I've been reading a lot of stuff lately about people frustrated with dating.
It comes from both sides of the aisle: women who are frustrated that they simply can't find dateable men, and men who are frustrated that women are far too picky, and complaining there aren't any dateable men, when they seemingly just skip right over these all men who, on paper, meet all of those girls' supposed requirements. I researched dating and romantic history quite heavily for the relationship book I was writing last year (that I've since put on hold - I'm not in a position to effectively market another book just yet), and while a lot of male-female complaints are as old as time itself, I can tell you that this one - that there just aren't any dateable men, and that the women themselves are far too picky - is one I haven't encountered in the literature prior to the advent of the modern dating and relationship system in the early 20th century.
Those seeking to date women in their 40s, with graduate degrees who work 40 hours or more per week and who may or may not have been married before are likely to find her in Silver Spring, Md.; Atlanta; Raleigh, N. Apparently no one does that anymore, according to this recent Market Watch report. divorce rate in 2015 was 16.9 divorces per 1,000 married women in 2015, down from 17.6 in 2014.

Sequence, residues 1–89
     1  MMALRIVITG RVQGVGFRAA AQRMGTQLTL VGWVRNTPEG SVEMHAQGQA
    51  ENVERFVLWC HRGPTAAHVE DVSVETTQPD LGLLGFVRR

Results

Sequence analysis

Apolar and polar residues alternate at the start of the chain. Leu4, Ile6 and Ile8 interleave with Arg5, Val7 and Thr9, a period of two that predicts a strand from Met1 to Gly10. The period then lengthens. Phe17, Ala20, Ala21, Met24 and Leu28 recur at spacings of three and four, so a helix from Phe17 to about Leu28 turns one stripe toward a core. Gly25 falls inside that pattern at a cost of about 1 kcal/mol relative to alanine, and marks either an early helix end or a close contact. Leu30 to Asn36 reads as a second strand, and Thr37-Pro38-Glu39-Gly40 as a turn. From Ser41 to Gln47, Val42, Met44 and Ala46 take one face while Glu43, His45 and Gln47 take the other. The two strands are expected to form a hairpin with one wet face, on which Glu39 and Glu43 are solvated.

These findings emerge from a national survey conducted last fall by the Pew Internet & American Life Project looking at the place of online dating in the larger picture of relationships in America.
Applause found that, in general, the most popular US dating apps trailed other apps in quality by 23 points (out of 100).
That's a big difference, and perhaps indicates that people take out their dating woes on the apps they use.
Most young singles in America do not describe themselves as actively looking for romantic partners.
Even those who are seeking relationships are not dating frequently.